Blueberry harvest is moving rapidly and most growers are machine-harvesting Bluecrop and other early varieties. Fruit is ripening quickly and growers continue to report fruit losses to birds and raccoons. Growers need to irrigate. Young plants and plants in unirrigated fields are collapsing. Even growers who are irrigating are having a hard time maintaining adequate moisture levels in the soil and report leaf burn and fruit shriveling even on plants growing in moist soil. Blueberry roots systems are very small and lack root hairs, so the absorptive surface of the roots is hard pressed to move enough water up to the leaves under these hot conditions.

Drought-stressed blueberry bushes.

Spotted winged Drosophila flies are being trapped and many growers are spraying for this pest as well as for blueberry maggots. See the Blueberry Insect Scouting Report for July 1-7, 2012 for more information. Controls for anthracnose and Alternaria fruit rots should be maintained.

Grapes in established vineyards still seem to be growing well and berries are putting on size. Young vines are beginning to show the effects of the abnormally dry conditions we are experiencing. Supplemental irrigation needs to be provided for these plants to ensure good establishment. Young grape vines do not have the deep, extensive root systems of mature vines, and their long-term health can be adversely impacted by drought stress. Fruit size on secondary clusters is catching up to fruit on primaries shoots and bunches are closing. Wine grape varieties are at berry touch and approaching bunch closure.

Japanese beetle feeding has increased over the last couple of weeks, but is still not extensive in most vineyards, probably due to the dry soils. For grape berry moth, the 810 GDD treatment window for materials such as Intrepid, Alticor or Belt for second generation egglaying was reached on June 27 and 29 in southern Berrien County and around June 30 or July 1 in northern Berrien and Van Buren counties. The 910 GDD window for conventional insecticides was reached on July 1-4. Grape berry moth trap catches decreased last week.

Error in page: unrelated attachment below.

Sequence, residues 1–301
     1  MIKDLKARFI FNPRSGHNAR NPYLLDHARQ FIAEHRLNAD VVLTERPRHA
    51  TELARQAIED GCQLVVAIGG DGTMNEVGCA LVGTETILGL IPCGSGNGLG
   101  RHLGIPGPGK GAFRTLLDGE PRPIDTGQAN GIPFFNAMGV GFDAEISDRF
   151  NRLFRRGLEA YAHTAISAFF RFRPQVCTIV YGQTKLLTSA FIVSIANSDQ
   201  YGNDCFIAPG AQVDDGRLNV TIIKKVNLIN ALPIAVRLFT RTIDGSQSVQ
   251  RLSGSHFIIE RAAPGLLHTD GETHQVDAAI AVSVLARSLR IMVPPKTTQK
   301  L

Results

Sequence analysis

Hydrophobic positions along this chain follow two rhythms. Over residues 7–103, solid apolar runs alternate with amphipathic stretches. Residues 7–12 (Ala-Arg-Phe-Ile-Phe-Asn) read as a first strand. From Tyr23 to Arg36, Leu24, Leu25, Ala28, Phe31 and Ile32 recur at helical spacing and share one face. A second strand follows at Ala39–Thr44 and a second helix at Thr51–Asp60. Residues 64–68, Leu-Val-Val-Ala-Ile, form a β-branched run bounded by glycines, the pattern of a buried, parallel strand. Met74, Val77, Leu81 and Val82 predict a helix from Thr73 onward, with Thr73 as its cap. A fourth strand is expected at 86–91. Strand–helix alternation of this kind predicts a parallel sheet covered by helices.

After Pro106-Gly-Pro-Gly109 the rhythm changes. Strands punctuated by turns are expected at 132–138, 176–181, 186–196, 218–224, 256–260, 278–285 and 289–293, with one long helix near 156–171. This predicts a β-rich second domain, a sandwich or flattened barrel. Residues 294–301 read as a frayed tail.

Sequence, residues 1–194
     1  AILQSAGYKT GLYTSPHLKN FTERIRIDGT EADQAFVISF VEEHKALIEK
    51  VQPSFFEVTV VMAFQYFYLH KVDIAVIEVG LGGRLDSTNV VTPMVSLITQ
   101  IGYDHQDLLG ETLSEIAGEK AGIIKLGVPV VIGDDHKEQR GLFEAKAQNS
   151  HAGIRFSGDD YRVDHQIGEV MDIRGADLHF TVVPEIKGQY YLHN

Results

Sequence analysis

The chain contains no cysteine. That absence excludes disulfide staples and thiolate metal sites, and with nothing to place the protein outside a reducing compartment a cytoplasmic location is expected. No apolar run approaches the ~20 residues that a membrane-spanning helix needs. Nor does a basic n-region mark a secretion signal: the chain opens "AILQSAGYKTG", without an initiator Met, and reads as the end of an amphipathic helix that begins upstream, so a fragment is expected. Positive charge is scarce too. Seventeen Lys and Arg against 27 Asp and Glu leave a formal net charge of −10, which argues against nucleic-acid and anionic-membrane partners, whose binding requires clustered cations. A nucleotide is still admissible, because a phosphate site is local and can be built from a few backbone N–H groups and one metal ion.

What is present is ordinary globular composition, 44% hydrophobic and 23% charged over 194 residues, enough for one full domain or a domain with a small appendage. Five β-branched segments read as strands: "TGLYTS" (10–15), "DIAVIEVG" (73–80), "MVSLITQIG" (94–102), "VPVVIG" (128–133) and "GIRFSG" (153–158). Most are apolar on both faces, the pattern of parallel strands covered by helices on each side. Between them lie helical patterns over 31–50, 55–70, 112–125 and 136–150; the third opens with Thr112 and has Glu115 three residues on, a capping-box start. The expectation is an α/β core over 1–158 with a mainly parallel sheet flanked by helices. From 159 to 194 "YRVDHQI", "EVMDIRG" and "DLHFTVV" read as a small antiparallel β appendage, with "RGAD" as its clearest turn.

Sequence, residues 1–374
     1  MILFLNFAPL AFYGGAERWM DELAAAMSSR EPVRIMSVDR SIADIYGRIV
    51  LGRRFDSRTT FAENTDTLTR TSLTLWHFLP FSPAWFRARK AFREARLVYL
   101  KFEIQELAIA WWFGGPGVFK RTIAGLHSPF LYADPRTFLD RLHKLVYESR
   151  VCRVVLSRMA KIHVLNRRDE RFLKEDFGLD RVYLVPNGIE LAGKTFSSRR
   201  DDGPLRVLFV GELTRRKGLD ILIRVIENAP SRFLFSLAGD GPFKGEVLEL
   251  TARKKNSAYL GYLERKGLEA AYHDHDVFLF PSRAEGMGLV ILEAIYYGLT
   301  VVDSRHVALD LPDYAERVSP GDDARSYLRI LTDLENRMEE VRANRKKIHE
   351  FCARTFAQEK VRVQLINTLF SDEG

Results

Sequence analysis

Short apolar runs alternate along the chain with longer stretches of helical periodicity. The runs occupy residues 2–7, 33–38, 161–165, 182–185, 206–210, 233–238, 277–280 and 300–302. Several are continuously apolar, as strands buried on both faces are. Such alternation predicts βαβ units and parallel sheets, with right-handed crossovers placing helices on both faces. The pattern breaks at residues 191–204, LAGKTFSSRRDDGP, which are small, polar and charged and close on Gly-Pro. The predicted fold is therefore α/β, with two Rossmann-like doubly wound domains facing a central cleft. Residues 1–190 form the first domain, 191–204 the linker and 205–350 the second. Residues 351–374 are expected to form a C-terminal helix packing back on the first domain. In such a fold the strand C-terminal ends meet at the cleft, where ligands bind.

Disease pressure has been minimal. Traces of black rot have been found on berries and foliage in Niagara grapes at the Trevor Nichols Research Complex (TNRC) near Fennville, Mich. Powdery mildew was detected in trace amounts on foliage of Concord grapes in an unsprayed vineyard we scout. No downy mildew has been detected so far.

Tree fruit

Drought conditions continue to cause daily wilting and the yellowing and dropping of older leaves of many fruit trees on sandy sites. Growers are hauling water to new plantings. Surface-applied, soil-active herbicides are not suppressing weed growth because the herbicides require rain to move them into weed seed germinating zones. Grasshoppers are defoliating young tree plantings near grassy fields. The flight of the second generation of San Jose scale has started. Sprays for crawlers of this generation are generally targeted for 600 degree days base 50 F after this biofix.